“Languages are deeply linked to lives, to cultures, to ethnic groups and political organizations,” said Zariquiey, a linguist at the Pontifical Catholic University of Peru. “This should be taken into account.”


The new languages added are: Assamese, Aymara, Bambara, Bhojpuri, Dhivehi, Dogri, Ewe, Guarani, Ilocano, Konkani, Krio, Lingala, Luganda, Maithili, Meiteilon (Manipuri), Mizo, Oromo, Quechua, Sanskrit, Sepedi, Sorani Kurdish, Tigrinya, Tsonga and Twi.

© Copyright 2022 The Associated Press. All rights reserved. This material may not be published, broadcast, rewritten or redistributed without permission.

©2022 GPlusMedia Inc.

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I was at a bar in Sapporo many years ago and the miso soup was so delicious that I asked Mama what the secret was. "Ago dashi," she explained. I knew what dashi was, a broth or powder used in flavouring, but I didn't know what ago was.

When I looked it up on the internet, I found a page about ago dashi, but couldn't read it easily because it was in Japanese. So, I clicked on Google translate. Ago, by the way, is a flying fish. But when I saw the Google translation for ago dashi, it was "The jaw, it comes out!"

I have the same question as the headline, "Will it get the nuance?"

Probably not, because it's too far onto the machine side, a much better application, way over on the human side, is deepl. You input natural English and you get natural Japanese and vice versa.

3 ( +3 / -0 )

Same here: put any Japanese (or other language) whether serious or trivial through Google Translate and have a laugh at the result.

I do use GT to translate a text more to have all the words translated (which I then correct / re-organize) than a meaningful text.

A few years ago, there was that small handheld sound translation device that Kitano (Takeshi) did some advertising for which and which was supposed to translate so many languages to and from Japanese.

As I know French, German, English, some Spanish and Japanese did I run a back / forth trial run on all languages. The results were less than stellar.

We're still a years away from Star Trek-like translation devices, me thinks.

0 ( +0 / -0 )

'Nuance' is not 'language', per se. It is more 'cultural perception', a sort of 'meta-language', and even native speakers of a language can be blind to 'nuances' of the words they use as any good propagandist knows. The consistently correct interpretation of 'nuance' will have to await a 'Turing Test' perfect AI who has 'lived' among the culture for a which time Human translators will have become 'obsolete' and simultaneous translation headphones or earbuds a common appliance for travelers and media aficionados alike...and maybe not so far into the future...will this help us to finally become 'Humanity' rather than the many competing 'versions' of Humanity we are now? One can only hope...

1 ( +1 / -0 )

Out of the languages added 8 are Indian languages apart from Dhivehi, the language of Maldives.

What is surprising here is that it took so long for Google to add Sanskrit, which even though a dead language, is considered to be a natural language closest to a programming language with its rigid syntax and strict rules of sentence formation.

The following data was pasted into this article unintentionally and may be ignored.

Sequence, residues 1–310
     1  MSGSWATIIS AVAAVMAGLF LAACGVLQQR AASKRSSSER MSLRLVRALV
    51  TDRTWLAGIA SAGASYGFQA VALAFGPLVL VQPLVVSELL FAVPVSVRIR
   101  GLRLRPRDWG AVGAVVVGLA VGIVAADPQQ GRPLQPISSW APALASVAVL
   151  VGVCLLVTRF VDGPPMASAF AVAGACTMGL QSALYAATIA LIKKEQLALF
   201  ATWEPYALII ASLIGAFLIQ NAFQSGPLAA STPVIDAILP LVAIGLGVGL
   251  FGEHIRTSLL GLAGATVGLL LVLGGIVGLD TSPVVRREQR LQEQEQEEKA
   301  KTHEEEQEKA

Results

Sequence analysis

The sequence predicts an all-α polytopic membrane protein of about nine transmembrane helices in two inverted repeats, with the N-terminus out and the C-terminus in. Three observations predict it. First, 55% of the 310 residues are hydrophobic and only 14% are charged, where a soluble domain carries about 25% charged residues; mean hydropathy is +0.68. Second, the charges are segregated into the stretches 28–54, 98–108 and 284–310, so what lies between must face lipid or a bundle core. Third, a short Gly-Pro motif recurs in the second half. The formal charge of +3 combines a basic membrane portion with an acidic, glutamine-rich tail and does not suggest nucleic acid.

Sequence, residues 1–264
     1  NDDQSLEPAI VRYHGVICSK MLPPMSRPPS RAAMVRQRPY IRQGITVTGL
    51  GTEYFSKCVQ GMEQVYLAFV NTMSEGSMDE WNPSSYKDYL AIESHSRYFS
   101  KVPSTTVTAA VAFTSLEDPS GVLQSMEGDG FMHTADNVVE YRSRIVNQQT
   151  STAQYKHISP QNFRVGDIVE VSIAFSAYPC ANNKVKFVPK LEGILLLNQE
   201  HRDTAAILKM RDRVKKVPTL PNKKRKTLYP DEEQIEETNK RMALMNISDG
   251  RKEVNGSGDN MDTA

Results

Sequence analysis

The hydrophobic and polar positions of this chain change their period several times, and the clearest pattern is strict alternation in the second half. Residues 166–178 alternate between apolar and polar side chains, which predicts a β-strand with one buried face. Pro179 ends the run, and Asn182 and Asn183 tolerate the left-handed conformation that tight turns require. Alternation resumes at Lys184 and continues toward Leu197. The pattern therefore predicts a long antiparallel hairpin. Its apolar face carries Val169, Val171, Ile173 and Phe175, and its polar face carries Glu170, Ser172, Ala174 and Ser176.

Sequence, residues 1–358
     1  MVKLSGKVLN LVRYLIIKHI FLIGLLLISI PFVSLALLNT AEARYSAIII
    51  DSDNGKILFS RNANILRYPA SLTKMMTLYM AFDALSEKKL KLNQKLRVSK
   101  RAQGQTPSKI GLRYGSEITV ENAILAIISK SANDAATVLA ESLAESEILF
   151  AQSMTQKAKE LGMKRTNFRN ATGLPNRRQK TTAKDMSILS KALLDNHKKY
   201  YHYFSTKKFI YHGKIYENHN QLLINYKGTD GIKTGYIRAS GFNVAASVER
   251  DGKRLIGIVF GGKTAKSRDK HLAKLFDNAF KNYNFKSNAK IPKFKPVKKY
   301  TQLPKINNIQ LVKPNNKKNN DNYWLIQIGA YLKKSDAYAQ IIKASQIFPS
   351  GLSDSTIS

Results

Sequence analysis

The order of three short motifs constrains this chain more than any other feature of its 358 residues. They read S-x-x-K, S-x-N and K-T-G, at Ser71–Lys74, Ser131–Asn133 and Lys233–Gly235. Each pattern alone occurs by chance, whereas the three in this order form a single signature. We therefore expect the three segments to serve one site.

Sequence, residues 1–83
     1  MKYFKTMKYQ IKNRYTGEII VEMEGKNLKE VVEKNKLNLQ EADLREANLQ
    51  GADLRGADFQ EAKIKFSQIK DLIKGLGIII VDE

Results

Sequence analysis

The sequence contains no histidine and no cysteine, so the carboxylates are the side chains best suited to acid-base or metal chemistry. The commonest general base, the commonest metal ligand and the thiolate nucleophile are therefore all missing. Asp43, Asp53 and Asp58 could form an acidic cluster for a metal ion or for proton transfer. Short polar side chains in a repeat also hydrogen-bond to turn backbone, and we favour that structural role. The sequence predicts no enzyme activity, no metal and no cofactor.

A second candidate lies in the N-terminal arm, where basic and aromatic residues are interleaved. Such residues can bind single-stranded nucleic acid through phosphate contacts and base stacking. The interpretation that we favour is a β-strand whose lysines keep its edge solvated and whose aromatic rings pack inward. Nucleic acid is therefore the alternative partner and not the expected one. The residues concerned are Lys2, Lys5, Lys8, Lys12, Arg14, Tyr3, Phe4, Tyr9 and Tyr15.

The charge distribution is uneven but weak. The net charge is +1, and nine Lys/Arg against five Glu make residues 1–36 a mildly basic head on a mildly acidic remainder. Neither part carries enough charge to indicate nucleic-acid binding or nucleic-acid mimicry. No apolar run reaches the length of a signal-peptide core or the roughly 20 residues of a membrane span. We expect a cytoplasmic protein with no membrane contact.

0 ( +0 / -0 )

@William Bjornson

Nuance' is not 'language', per se. It is more 'cultural perception', a sort of 'meta-language', and even native speakers of a language can be blind to 'nuances' of the words they use

Very true, but at the same time is nuance an inherent part of human language and communication.

For example:

そうですか?"Is that so?" becoming "Your BS'ing me" if you put the intonation on か or make it a かあ. As this does not "translate" well in a written context or that readers could (for obvious reasons in case of a written text) not "read" the underlying meaning we ended up piling up Emojis.

Other example: sarcasm or certain forms of humor or innuendoes, regional idioms, single words which from one country or regions have slightly (or sometimes very) different meanings. Spanish speakers may need to clarify what they are saying if from different regions in Spain, not mentioning Spanish speakers from Spain vs Latin America or French speakers from France vs Canada, Belgium or Swiss.

Language is also dynamic and expressions are trending as rapidly as they are dying out, but if some people still refer to them they may end up "forgotten" by the translation device. Remember the nikushoku joshi (carnivorous females) and soushoku danshi (herbivorous males) craze from over a decade ago? Two weeks ago I heard the expression again. I didn't hear it for over a decade or so but it seems some still refer to it...

Some forms of languages may be very abstract, like poetry or prose. Older forms of communications may also be very abstract like runes or hieroglyphs.

Language and communication is one of the most specific characteristics of a species. Humans made it more difficult than animals by adding culture, history and complex human feelings to the problem. Covering everything (even if only in an imperfect fashion) will take a lot of time despite computer calculation rate growing exponentially, me thinks. It would also remain a constant work-in-progress as well, this as we (and our languages and methods of communication) still continue to evolve day-by-day.

Somehow, it is also somewhat reassuring that there are still areas or fields, "human" ones, out there that the machines can not take over...yet.

2 ( +2 / -0 )

Well...Google cant translate Japanese correctly yet so.. nothing to get too exited about

0 ( +0 / -0 )

Google has gotten a lot better at Japanese. It used to be that if you took a short story for children, translated it into English from Japanese, and then translated it back again, you would have zero idea what the story was about. Now it still needs work, but it's better. But isn't there yet.

0 ( +0 / -0 )

Google’s translation of Japanese-English is quite poor; DeepL blows google away in accuracy and nuance.

0 ( +0 / -0 )

"Google Debuts Smart Glasses Built With Real-Time Language Translation"

The device basically brings Google Translate to a pair of smart glasses by displaying the translated text over the lenses.

0 ( +0 / -0 )

This is a little late but is the perfect example of 'nuance' versus 'meaning' which I had forgotten to include in my comment above. Not too long ago, an American crook by the name of Pence said of the U.S. on Twitter, "Patriotic education has been replaced with political indoctrination." The two phrases, 'political indoctrination' and 'patriotic education' are, technically, identical in 'meaning'. But, for the nonthinking mind, are very different in 'nuance'. Again, the art of the propagandist or marketeer...

0 ( +0 / -0 )

Sorry Google, but nature beat you to it:

Seriously speaking though, apart from sharing a classic bit of British humor, ... a word of caution - relying totally upon machine translation, could end up in tears.

0 ( +0 / -0 )